COMES THE SUN TO THE HILL- From Worzel and Godfrey

Worzel here, Though at home most anywhere without beets, Godfrey loved the faded, little towns best. “I like to just sit”, he wrote. In ratty kilt, battered suitcase at his side, with the faded pink negligee’ plugging a tear, Godfrey enjoyed tea and pastries , wrote letters or journal, watched and listened as the whirled passed by..”.Daw yr haul i Bryn”, he muttered in Welsh if he felt I was rushing the given day….

I recalled this wisdom, translated for me with a rather wet “Feh” by Alice, his eccentric sister. “Comes The sun to The Hill”…like waiting for the tide, or Slibber Sauce to gel, or your birthday, especially if you fib like me, and enjoy it three times a year. eventually it will cease raining, said Alice- relax and wait.  

Today I climbed a hillock, not a mountain or a tor or crag, but climb I did up to the peak. And there I rested elder-knee, looked out across the vast sprawl of what once was farms, now city.

Comes the sun to the hill, to the little towns Godfrey made home in his travels. Like Ceylon in Saskatchewan where we two met, sun comes to the coulees of Ceylon town, where the kids play outside all year round. Hear the crack of ball bat summer evening sweet, scrape of hockey stick on the frozen street. The young will leave home but the town carry on, wish we all could know a little place like Ceylon.

Cowdown- nestled deep in a vale, we welcomed the warmth of the sun to the hill as we hitched a ride. So cold the carrot in my pocket froze solid, snow blew oer the valley        hiding a castle on the far river side.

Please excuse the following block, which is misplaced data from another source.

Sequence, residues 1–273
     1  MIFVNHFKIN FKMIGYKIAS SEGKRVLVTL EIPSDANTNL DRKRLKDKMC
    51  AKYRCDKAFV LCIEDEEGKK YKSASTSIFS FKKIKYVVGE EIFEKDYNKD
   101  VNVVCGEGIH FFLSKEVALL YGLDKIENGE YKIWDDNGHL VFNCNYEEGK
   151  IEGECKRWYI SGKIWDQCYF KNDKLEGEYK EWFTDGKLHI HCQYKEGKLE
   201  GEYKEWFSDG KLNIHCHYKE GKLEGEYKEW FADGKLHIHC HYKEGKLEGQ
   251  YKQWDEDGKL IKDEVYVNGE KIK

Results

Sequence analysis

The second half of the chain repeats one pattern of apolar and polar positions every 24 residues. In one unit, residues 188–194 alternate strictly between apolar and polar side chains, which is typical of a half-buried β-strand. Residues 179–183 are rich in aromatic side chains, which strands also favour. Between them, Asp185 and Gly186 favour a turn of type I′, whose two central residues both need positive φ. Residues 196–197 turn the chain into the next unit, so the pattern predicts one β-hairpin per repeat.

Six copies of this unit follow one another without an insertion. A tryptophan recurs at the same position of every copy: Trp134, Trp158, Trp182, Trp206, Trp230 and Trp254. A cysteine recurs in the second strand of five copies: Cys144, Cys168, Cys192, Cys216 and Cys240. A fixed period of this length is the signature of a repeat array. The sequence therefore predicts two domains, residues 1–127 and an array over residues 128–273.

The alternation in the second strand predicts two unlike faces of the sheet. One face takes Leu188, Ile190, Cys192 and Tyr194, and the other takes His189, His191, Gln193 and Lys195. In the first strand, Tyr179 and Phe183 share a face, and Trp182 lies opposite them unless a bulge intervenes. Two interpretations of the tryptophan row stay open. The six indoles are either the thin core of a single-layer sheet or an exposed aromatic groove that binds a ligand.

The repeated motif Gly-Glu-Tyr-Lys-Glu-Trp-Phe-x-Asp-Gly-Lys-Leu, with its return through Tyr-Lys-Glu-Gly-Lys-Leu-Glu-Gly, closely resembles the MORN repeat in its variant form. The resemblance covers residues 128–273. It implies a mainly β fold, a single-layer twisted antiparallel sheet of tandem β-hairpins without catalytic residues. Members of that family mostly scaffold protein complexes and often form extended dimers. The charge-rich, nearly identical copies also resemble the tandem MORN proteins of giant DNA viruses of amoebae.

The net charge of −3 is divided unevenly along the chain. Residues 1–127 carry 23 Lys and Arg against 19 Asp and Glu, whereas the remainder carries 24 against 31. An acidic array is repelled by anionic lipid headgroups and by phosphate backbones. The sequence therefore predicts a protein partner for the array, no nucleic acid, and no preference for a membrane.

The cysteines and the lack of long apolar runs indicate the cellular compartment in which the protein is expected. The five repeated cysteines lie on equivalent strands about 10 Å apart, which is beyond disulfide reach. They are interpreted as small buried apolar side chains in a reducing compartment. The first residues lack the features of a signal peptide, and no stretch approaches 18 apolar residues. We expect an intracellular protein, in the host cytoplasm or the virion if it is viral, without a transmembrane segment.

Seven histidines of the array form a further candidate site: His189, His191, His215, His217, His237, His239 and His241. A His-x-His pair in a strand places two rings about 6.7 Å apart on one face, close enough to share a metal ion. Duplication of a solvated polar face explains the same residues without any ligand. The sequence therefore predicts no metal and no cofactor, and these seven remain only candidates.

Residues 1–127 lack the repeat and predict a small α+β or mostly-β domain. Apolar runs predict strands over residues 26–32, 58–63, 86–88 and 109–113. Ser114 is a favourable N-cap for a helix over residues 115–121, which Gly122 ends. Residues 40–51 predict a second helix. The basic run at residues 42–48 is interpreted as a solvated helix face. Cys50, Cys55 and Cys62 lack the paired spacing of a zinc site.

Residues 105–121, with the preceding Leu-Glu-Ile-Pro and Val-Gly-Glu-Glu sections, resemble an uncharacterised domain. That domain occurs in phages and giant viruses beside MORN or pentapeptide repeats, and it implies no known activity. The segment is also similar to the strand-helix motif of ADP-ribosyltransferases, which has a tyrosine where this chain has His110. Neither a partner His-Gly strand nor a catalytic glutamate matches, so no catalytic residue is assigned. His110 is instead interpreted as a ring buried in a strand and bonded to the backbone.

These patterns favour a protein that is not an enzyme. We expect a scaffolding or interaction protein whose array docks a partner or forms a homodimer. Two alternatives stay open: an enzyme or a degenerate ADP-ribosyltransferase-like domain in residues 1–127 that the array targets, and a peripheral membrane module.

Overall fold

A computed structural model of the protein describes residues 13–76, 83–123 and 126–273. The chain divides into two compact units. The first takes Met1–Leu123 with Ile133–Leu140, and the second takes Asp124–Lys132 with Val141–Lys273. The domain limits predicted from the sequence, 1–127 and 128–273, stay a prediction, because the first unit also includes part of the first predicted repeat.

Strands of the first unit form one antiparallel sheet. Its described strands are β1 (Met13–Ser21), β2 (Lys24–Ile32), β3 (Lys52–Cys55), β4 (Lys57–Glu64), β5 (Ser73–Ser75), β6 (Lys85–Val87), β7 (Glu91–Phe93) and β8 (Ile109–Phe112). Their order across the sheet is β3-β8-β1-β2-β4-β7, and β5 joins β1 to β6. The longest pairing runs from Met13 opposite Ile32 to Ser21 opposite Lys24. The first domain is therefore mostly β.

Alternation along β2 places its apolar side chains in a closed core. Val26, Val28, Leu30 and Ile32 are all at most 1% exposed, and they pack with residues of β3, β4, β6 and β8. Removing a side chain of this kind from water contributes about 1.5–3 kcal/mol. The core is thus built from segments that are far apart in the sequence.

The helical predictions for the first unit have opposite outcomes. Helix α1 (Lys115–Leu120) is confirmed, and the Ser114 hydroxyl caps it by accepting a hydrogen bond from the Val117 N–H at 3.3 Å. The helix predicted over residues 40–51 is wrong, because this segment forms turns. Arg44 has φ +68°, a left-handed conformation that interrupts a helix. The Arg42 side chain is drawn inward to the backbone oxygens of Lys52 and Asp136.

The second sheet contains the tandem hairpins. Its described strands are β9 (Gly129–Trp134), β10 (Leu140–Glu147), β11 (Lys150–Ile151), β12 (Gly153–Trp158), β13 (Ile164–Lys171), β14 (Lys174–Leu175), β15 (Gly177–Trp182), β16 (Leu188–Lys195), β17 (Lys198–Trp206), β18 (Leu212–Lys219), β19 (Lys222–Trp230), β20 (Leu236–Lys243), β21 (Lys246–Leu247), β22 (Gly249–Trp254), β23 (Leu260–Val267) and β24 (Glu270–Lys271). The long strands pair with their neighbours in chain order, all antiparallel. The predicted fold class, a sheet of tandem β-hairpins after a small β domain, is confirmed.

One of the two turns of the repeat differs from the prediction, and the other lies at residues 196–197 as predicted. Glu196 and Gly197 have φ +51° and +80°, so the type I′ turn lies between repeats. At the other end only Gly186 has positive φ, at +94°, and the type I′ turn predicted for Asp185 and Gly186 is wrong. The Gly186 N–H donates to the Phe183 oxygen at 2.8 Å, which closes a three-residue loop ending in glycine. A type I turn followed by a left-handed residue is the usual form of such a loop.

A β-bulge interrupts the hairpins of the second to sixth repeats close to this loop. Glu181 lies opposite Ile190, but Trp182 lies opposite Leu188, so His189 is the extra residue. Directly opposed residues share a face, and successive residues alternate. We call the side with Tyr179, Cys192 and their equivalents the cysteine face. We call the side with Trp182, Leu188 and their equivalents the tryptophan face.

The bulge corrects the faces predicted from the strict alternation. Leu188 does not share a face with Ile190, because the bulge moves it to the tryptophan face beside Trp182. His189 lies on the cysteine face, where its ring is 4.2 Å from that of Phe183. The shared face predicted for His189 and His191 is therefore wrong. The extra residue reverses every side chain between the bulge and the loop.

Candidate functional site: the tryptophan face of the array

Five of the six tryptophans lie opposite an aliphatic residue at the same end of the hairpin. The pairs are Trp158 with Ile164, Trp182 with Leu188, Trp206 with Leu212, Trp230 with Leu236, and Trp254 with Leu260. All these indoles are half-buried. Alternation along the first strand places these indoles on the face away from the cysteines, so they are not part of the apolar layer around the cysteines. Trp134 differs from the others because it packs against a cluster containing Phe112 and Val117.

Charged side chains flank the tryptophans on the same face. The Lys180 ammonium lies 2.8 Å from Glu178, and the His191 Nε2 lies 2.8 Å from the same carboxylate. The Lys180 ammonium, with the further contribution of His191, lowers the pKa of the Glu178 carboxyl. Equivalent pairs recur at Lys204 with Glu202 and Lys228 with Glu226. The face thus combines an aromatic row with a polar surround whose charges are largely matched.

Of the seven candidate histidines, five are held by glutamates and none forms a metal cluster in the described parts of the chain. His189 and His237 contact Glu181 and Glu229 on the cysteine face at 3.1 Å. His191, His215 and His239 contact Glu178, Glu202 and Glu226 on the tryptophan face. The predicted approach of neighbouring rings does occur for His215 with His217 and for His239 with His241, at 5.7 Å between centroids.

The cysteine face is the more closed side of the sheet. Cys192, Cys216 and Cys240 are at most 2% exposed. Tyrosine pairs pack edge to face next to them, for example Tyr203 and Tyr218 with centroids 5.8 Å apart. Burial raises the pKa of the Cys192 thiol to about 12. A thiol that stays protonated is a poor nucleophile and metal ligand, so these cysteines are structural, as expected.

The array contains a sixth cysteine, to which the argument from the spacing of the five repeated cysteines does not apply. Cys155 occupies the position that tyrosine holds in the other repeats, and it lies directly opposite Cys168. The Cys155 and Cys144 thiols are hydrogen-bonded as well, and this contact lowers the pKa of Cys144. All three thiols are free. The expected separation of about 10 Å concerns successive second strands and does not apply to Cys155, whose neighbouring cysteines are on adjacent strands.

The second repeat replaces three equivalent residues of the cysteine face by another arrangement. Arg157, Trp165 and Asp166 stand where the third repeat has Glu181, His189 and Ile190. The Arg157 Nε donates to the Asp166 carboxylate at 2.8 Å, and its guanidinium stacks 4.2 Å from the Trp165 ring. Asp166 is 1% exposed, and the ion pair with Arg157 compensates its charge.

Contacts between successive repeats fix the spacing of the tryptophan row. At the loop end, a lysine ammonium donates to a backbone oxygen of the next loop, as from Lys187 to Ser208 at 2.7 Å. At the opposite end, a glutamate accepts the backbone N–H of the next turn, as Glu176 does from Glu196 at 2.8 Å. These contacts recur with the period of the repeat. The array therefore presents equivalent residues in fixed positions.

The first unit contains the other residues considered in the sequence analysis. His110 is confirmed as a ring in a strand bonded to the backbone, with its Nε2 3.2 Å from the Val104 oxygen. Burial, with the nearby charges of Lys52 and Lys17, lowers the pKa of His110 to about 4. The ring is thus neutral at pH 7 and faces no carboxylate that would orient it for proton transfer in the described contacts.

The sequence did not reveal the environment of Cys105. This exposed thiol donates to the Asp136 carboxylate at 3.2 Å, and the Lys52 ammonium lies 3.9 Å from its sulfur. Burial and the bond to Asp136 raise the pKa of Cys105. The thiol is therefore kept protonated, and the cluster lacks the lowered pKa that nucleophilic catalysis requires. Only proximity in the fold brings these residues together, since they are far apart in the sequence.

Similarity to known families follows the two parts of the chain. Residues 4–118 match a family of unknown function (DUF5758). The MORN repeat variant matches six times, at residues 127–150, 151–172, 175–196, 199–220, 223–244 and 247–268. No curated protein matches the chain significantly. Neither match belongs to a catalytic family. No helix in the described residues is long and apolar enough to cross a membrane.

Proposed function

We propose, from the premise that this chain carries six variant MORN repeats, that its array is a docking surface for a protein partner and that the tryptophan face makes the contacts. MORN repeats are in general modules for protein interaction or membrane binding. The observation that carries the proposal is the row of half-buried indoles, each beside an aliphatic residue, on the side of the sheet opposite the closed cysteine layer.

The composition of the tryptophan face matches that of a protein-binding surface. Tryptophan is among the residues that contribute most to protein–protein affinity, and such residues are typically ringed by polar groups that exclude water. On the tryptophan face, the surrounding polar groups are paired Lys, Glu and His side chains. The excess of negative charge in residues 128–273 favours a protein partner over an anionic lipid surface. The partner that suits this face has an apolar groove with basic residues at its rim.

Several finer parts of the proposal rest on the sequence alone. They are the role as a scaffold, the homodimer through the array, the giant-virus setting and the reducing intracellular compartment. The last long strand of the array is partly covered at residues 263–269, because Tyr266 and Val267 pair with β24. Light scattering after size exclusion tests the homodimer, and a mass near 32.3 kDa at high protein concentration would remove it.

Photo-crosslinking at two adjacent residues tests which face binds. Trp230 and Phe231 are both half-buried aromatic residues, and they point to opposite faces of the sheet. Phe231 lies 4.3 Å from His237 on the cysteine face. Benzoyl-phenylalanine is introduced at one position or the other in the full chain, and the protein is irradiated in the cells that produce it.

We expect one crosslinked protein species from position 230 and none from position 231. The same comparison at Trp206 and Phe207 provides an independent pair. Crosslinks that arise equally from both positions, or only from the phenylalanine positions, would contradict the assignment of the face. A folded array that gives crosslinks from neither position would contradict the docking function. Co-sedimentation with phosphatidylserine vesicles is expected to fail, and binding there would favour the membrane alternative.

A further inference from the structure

I recall little of the lift that finally left us in Cowdown, only the chip shop, in the wee town. Hot slabs of good fish and chips, malt vinegar, no plates to be had, just spread out on newspaper.  Come the sun to the hills of Wiltshire so old, come the sun to Cowdown on days so cold, that the carrot in my pocket froze…a journey legendary, early days on the road for The vagabond Godfrey.

Comes the sun to the hills that cradle the mighty Buller. Steeped in mist, untamed in her splendor, one of Godfrey’s favorite places, is Inangahua, on a bend in the river.

One shop and fuel pump, pub and hotel, roadside forge, imagine riding on a coach, long ago down the Buller Gorge. Sun comes to the hills, stopped and rested a spell at the ruins of a “Pub with No Beer”, all that remains of “Lyell”. Wrote Godfrey, “I felt peace there, no ghosties feared I”, as the sun was gone, and stars bright over the Buller, feared only the swarms of the nasty biting sand fly…

I thought of how I missed Godfreys’ stories- of late summer afternoon, the sun bleached, peeling murals, hum and rumble of the highway, a place discovered in his youth called “Nar Nar Goon”- East of Melbourne can be found, this mural town.

In conditioned reflex the barman wields his rag, laconic story teller of a tiger snake he shot, behind the pan in the lady’s loo. On the pub walls, photos hang of rugby teams and race horses. In Nar Nar Goon, indeed the sun comes to the hill, seek out a shady spot to rest, rest as dos the gray Kangaroo….

Oh little town of” Ethelbert-“fond in my memory, clinging to the northern edge, of the Canadian prairie….gossip in the hotel bar tonight, laughter in the diner and take away counter of the “Chicken Delight”.

Comes the sun to the low hills, welcomes spring, old billboard on the one road in” 1971 Ethelbert Homecoming”. You may be told the story from one who was there, of chaos and coins, rolling everywhere. In the laundry-mat, Janice Krame put boots to the soap and bleach machine.